bio | website | wonder2.naist.jp/~villagra-m |
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location | Nara, Japan | |
age | 33 | |
visits | member for | 4 years, 8 months |
seen | Oct 17 '13 at 1:57 | |
stats | profile views | 365 |
I'm a graduate student at Nara Institute of Science and Technology studying theoretical computer science. My main interests are in computational complexity theory and quantum computing.
Oct 8 |
comment |
Decomposition of order-3 tensors over the complex numbers
I see, the "w.l.o.g." is the important part for me right now. |
Oct 8 |
comment |
Decomposition of order-3 tensors over the complex numbers
@suvrit, regarding 3, that's exactly my question. |
Oct 8 |
asked | Decomposition of order-3 tensors over the complex numbers |
Aug 19 |
awarded | Enthusiast |
Aug 13 |
comment |
Most 'obvious' open problems in complexity theory
my interpretation of obvious is "your intuition and experience says something but there is no proof for that" |
Aug 13 |
answered | Most 'obvious' open problems in complexity theory |
Aug 12 |
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Is there a syntactic characterization for BPP, BQP, or QMA?
well, local hamiltonian is complete for QMA, but it is a promise problem. Also, 5-QSAT is complete. As Watrous puts it, "vacuous promise" which means "decision problem". So, it is not expected that a complete decision problem exists for any semantic class. |
Aug 10 |
revised |
Practical use of probability amplification for randomized algorithms
deleted 16 characters in body |
Aug 10 |
accepted | Practical use of probability amplification for randomized algorithms |
Aug 10 |
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Practical use of probability amplification for randomized algorithms
yes, I'm misusing the notation, but you completely understood my question. Thanks for the reply, know is crystal clear. |
Aug 10 |
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Practical use of probability amplification for randomized algorithms
In several papers they sometimes use amplification and sometimes don't. So I was intrigue on that. It wasn't clear for me when to use it. |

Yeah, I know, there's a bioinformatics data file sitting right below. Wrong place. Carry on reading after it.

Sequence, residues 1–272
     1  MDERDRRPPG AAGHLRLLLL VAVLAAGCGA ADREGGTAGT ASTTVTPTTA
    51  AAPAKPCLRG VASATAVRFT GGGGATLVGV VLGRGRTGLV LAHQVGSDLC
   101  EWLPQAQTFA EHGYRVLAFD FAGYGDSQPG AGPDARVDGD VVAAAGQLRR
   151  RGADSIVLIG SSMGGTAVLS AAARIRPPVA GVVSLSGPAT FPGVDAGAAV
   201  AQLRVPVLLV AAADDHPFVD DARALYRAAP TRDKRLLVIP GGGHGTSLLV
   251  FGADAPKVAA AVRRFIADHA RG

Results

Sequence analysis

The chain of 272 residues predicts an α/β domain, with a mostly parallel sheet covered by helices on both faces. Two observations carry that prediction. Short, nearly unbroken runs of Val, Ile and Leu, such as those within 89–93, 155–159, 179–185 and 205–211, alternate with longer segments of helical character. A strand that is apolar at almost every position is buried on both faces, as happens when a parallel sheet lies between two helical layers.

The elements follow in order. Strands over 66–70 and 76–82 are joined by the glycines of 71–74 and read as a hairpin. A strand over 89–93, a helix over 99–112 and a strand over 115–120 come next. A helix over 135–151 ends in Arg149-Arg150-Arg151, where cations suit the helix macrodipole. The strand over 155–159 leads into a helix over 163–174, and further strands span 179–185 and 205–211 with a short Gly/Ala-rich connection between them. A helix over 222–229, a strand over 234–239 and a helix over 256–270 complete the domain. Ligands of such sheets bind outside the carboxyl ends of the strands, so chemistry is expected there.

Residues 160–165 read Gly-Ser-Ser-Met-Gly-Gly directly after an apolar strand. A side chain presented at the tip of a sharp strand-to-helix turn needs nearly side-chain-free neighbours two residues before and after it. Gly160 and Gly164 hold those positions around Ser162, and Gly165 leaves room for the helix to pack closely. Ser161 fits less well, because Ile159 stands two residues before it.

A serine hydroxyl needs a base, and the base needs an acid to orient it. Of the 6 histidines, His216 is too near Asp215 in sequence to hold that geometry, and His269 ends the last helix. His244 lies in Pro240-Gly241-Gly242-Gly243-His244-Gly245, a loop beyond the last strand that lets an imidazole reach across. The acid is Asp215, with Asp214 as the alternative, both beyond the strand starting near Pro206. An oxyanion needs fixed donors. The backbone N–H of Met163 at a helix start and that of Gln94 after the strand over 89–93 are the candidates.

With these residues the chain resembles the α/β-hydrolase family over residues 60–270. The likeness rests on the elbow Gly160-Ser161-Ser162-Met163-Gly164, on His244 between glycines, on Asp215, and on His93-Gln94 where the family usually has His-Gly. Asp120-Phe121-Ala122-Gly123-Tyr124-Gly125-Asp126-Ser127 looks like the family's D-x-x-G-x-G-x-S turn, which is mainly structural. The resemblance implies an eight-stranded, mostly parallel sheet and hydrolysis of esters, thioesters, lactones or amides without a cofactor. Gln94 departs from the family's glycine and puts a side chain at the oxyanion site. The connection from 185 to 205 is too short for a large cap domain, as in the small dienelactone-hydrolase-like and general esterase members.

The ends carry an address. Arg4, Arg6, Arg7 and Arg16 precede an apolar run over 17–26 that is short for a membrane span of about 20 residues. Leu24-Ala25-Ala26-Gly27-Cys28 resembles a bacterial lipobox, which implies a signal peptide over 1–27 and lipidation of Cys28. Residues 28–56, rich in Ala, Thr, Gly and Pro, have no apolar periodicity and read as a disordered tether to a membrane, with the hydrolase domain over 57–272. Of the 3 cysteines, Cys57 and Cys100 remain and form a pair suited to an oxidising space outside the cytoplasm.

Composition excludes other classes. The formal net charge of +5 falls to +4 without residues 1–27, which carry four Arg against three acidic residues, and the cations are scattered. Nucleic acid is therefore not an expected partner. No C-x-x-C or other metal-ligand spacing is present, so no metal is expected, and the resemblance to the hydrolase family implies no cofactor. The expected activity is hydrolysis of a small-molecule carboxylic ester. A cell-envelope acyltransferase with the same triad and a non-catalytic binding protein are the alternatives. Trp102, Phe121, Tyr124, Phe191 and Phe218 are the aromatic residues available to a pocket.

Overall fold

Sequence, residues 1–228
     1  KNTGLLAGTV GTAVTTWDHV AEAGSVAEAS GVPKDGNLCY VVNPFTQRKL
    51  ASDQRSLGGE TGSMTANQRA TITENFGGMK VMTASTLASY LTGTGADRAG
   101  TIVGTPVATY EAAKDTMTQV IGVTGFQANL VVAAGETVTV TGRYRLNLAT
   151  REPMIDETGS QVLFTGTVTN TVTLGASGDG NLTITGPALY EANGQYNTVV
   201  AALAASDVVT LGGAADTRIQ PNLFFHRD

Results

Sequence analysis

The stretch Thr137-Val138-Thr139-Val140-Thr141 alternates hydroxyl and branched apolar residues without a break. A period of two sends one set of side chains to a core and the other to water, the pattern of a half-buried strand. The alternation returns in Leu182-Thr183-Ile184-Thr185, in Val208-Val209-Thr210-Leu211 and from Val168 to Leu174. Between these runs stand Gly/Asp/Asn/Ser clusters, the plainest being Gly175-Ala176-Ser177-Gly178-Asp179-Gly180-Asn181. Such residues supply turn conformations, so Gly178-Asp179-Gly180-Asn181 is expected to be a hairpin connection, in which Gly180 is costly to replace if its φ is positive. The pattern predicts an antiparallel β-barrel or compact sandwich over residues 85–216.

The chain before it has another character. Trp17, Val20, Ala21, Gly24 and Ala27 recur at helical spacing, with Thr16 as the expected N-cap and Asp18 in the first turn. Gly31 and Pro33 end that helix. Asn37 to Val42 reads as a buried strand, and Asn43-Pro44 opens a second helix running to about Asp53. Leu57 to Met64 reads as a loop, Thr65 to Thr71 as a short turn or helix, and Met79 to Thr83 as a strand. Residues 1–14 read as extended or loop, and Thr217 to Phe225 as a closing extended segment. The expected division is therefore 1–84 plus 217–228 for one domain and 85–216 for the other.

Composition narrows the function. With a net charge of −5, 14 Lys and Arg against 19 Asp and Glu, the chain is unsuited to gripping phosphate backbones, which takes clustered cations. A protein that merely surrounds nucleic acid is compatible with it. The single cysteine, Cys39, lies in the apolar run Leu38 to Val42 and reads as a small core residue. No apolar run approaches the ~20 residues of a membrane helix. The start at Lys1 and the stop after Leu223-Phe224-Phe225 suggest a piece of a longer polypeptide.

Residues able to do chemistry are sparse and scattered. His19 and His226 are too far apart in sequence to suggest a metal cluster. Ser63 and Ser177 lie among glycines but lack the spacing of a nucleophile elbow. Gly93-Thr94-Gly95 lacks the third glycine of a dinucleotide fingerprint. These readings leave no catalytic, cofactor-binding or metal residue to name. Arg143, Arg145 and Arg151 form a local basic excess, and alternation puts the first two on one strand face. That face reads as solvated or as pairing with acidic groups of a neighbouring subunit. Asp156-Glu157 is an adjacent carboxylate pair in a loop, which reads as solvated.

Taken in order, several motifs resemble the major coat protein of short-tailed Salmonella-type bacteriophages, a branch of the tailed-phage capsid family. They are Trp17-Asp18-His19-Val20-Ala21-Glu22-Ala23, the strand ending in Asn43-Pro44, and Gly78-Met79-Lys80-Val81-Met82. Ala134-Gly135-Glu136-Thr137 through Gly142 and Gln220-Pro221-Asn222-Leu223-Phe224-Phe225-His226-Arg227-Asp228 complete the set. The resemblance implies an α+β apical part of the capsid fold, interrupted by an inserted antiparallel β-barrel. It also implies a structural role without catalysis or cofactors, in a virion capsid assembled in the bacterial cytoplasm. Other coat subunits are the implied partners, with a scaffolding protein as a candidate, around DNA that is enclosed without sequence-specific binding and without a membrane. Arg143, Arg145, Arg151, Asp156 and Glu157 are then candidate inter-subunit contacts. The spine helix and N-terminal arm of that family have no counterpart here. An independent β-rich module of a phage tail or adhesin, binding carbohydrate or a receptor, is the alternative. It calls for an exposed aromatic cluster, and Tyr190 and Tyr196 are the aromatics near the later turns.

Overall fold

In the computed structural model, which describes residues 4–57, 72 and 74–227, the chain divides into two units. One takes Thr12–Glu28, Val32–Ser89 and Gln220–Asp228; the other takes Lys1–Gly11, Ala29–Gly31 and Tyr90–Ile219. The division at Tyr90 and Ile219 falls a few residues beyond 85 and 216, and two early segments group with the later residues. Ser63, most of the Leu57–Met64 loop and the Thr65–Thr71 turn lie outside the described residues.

Aug 10 |
revised |
Practical use of probability amplification for randomized algorithms
added 17 characters in body; added 24 characters in body |
Aug 10 |
comment |
Practical use of probability amplification for randomized algorithms
actually, it doesn't say that we can replace an inverse polynomial by an inverse exponential. |
Aug 10 |
revised |
Practical use of probability amplification for randomized algorithms
edited body |
Aug 10 |
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Practical use of probability amplification for randomized algorithms
In Arora and Barak, theorem 7.10 page 132 it says Let $L\subseteq\{0,1\}^*$ be a language and suppose there exists a polynomial-time PTM M s.t. for every $x\in \{0,1\}^*$, $Pr[M(x)=L(x)]\geq 1/2+n^{-c}$. Then for every constant $d>0$ there exists a polynomial-time PTM M' such that for every $x\in\{0,1\}^*$, $Pr[M'(x)=L(x)]\geq 1-2^{-n^d}$. Is my interpretation correct? Of course it's not saying anything about the running time. |
Aug 10 |
asked | Practical use of probability amplification for randomized algorithms |
Aug 8 |
revised |
A language complete for NP intersection co-NP
added 343 characters in body; added 4 characters in body |
Aug 8 |
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A language complete for NP intersection co-NP
@Ryan: also, what would be the consequences of having complete problems for $NP\cap coNP$? |
Aug 8 |
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A language complete for NP intersection co-NP
@Ryan: OK, I understand. Then, what do we need to proof collapsing in the polynomial hierarchy in general? |
Aug 8 |
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A language complete for NP intersection co-NP
in the draft version, chapter 5, the polynomial hierarchy and alternations, page 5.2(92), where it says "Note that $\sum_2^p contains both the classes NP and coNP". There is no proof, but this implies that a complete problem collapses the hierarchy to the second level. |